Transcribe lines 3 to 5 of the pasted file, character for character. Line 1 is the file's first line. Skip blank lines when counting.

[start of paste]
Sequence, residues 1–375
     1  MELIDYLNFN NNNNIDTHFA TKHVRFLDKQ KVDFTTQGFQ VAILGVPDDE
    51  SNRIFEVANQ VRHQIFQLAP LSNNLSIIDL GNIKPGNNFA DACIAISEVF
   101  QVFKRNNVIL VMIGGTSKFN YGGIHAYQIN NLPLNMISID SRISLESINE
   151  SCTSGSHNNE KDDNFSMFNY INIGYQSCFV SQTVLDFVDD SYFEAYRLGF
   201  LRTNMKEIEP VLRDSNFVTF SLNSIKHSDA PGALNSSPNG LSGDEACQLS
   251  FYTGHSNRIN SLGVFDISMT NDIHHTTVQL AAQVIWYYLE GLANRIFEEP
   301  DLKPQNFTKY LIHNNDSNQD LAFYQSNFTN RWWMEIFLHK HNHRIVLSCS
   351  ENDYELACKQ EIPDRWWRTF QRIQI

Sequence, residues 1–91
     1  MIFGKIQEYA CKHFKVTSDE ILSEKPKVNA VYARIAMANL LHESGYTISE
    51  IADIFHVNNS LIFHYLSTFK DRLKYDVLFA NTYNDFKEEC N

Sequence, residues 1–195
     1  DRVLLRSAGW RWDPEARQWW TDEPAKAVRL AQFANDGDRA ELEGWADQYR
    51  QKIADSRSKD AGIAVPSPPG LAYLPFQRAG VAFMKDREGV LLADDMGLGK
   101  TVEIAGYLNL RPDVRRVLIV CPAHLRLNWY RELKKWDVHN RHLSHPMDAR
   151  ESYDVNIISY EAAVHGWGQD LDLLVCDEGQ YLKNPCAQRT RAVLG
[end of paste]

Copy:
    51  SNRIFEVANQ VRHQIFQLAP LSNNLSIIDL GNIKPGNNFA DACIAISEVF
   101  QVFKRNNVIL VMIGGTSKFN YGGIHAYQIN NLPLNMISID SRISLESINE
   151  SCTSGSHNNE KDDNFSMFNY INIGYQSCFV SQTVLDFVDD SYFEAYRLGF